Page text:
! few days later, he emerged with a lawyer and gave himself up. !fter
the trial, an all'white Aury found him guilty of murder and he was
sentenced to life. The trial ;udge =gnall& recommended ") years,
reduced by the then lord chief Austice, Bord Bane, to "*, and increased by
the home secretary to "".
3amFs supporters say his trial was a farce. 6e was given only a 2*'minute
consultation with his barrister shortly before going into the doc-. 6e was
advised to change his plea from self'defence to provocation, and not to
spea- in his own defence.
There were no interpreters provided for the 0engali'spea-ing waiters
who gave evidence. :mportant defence witnesses were not called, while
the group that attac-ed 3am gave evidence for the prosecution. The Aury
were never as-ed to consider the racist nature of the attac-.
The East Lancs nstit!te of Hi"her E#!cation. ,
BA (Hons) Social Science. Level 1 Semester B.
Social Differentiation Racism.
:n his recommendations ;udge =gnall concluded: GThe verdict was to a
degree une>pected. There was independent evidence which suggested
that the deceased may well have initiated the incident both verbally and
physically, by wounding the defendant with a bro-en glass.G
September 2000: @ifteen years on, 3am is still in prison. 6e has been
transferred from Aail to Aail 9% times, and is regarded as a troublema-er.
6e has refused to accept that he was guilty of murder, refused to do
prison wor-, and often challenged the authorities.
/hy has he been refused paroleM The prison service says it cannot
comment on a specific case, but offers a general statement: G3elease on
or after tariff e>piry is dependent on whether the prisonerFs ris- has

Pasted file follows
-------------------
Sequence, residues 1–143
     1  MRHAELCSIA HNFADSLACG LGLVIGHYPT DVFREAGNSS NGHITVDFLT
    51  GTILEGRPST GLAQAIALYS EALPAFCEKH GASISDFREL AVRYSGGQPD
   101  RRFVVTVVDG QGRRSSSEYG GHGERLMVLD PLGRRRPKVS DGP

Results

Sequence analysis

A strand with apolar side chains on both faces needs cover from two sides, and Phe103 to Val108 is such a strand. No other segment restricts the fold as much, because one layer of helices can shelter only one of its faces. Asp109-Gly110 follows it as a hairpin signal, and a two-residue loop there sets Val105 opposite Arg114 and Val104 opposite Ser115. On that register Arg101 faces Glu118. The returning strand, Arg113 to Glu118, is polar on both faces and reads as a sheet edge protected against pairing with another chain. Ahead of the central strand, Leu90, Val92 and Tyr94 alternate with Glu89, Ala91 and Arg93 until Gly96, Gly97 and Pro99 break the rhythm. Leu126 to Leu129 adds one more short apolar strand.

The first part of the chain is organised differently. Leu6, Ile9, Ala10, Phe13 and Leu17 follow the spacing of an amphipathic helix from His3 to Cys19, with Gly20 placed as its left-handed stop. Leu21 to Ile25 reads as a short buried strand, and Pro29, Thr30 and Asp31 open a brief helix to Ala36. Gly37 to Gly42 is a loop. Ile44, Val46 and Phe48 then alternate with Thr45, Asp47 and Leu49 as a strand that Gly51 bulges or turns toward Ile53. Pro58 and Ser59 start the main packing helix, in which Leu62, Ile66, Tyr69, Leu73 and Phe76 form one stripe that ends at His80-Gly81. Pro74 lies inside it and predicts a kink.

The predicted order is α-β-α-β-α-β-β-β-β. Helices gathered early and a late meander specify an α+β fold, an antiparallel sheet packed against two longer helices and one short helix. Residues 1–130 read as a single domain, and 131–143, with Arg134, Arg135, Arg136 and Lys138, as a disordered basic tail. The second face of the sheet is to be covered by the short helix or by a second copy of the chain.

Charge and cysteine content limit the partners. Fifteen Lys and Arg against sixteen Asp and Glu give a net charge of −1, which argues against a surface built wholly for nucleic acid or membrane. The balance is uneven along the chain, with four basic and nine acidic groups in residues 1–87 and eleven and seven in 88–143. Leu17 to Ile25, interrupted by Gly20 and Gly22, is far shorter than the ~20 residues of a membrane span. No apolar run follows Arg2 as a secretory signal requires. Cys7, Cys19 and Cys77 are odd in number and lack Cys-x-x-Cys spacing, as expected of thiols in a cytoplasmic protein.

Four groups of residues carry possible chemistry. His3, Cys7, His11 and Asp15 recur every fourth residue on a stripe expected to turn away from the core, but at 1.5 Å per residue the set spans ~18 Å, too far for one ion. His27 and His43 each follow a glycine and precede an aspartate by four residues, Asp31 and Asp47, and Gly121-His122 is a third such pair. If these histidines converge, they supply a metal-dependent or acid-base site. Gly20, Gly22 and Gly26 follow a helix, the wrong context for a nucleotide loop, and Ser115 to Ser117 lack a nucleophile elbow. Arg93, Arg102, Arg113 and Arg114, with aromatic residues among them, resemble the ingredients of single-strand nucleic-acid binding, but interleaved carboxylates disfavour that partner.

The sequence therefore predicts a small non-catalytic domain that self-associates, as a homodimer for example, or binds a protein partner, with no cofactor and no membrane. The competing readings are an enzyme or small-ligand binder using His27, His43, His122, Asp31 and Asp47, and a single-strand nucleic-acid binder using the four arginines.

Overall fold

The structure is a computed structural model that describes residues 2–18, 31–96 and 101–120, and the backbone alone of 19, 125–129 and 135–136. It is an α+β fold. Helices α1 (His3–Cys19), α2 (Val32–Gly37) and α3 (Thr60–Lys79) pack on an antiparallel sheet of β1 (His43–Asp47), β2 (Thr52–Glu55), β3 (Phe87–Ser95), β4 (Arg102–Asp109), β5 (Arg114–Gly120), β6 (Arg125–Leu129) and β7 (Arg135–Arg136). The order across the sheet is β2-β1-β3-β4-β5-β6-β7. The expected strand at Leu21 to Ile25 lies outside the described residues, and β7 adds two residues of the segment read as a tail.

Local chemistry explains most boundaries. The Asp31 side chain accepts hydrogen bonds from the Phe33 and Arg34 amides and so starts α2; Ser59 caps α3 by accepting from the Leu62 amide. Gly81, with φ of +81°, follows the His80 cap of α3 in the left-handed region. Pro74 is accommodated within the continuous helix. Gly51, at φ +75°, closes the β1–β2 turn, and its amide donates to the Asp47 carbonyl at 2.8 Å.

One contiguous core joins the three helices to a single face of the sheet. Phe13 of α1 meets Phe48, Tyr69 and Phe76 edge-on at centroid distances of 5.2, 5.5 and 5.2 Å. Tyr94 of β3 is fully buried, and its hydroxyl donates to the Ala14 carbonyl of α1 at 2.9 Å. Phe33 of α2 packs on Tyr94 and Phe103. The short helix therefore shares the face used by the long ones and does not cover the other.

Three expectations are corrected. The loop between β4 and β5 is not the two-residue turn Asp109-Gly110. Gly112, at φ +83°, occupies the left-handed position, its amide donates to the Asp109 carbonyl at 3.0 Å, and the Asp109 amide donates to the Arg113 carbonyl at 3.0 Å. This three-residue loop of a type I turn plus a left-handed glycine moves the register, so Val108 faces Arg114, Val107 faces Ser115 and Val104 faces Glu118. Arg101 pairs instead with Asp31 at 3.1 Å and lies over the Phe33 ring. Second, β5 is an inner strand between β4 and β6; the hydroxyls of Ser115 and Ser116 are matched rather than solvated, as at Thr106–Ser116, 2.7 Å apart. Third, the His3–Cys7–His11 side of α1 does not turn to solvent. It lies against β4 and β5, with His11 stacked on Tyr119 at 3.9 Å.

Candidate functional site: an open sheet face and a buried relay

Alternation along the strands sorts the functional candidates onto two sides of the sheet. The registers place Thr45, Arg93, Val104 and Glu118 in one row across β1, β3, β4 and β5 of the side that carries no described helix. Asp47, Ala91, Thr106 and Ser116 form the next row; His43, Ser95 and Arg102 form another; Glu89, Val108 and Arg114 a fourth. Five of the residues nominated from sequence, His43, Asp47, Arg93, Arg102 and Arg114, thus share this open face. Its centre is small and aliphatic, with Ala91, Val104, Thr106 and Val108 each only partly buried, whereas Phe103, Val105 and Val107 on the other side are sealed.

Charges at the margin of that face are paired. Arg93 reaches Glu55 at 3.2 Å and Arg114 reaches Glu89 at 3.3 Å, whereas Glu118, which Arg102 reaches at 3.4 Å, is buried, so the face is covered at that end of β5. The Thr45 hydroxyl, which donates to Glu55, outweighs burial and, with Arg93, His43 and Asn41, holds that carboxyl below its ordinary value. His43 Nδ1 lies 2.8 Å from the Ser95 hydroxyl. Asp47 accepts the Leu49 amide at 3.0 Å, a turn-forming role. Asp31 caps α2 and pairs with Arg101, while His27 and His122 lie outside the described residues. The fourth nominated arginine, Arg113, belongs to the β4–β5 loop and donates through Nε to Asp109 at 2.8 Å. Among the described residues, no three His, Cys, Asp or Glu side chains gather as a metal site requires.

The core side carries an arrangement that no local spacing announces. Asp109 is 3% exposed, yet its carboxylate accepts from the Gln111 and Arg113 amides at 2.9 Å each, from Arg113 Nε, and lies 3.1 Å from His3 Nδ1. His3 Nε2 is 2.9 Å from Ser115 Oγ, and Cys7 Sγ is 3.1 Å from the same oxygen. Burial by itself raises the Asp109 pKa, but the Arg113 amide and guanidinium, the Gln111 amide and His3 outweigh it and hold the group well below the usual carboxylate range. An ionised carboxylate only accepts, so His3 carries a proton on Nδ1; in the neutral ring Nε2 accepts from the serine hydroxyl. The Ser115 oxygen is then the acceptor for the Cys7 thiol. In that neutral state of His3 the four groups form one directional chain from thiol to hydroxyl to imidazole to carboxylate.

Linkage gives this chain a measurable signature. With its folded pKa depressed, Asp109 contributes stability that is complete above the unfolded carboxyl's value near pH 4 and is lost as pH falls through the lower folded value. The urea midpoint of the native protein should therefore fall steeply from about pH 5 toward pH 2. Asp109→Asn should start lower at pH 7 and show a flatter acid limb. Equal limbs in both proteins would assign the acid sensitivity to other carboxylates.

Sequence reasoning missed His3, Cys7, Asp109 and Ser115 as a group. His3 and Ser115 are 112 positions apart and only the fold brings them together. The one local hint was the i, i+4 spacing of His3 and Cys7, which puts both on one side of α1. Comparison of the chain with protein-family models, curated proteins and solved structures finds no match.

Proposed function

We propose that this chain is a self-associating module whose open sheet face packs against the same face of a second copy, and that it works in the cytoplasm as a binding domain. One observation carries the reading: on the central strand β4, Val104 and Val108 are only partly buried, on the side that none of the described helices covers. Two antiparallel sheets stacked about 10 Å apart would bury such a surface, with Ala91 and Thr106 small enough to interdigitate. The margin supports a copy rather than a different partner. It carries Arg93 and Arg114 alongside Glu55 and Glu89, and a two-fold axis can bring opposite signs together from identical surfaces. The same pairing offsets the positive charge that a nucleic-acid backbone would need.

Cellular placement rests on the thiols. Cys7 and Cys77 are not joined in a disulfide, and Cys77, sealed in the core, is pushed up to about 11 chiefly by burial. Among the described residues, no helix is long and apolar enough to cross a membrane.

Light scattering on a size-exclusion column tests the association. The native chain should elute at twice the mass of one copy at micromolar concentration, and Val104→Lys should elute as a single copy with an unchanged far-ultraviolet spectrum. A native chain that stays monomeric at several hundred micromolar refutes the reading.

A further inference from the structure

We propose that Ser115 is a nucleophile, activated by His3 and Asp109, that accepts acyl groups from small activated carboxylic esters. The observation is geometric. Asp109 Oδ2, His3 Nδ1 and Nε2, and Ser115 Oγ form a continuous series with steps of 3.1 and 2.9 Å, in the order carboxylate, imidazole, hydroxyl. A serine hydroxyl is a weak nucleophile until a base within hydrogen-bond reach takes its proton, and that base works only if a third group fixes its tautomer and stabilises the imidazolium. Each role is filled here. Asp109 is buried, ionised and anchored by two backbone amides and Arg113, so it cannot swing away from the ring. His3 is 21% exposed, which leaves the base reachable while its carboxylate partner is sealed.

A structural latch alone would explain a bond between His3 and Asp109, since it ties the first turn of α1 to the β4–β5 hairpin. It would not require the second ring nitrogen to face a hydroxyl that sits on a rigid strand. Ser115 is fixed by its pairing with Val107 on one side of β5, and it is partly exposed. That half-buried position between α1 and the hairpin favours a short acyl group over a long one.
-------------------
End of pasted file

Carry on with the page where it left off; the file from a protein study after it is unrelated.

reduced to a level compatible with public safety.G
/hat has 3am done to offend themM 6e has made legitimate complaints
about his treatment, and they donFt li-e that. !nother possible factor is
that 8earceFs brother'in'law was an officer at /inson Nreen prison at
the time of the -illing while on trial 1atpal was held at /inson Nreen&.
January 2001: 3am has been transferred to /ellingborough, a category'
C prison. There are visible mar-s on his wrists from the last time he was
ratchet'cuffed in prison. 3am says that right from the early days the
officers abused him:
!t /inson Nreen: G! group of screws would come into my cell and call me
a 8a-i and subAect me to all forms of racial abuse. !t times they beat the
crap out of me.G 6e claims they encouraged him to -ill himself. GTheyFd
come to my door and say, FNo on, 3am, why donFt you hang yourself.F
=ver the years, 3am has read up on the law and human rights. @ellow
prisoners now visit him for advice. 6e recently challenged the prison
authorities on their monitoring of telephone calls:
G=fficers had to ma-e a log of all the phone calls, and when we were
tal-ing in, say, 8unAabi, the officers recorded their own comments, signing
and dating each entry. The log was full of stuff li-e: FThey were tal-ing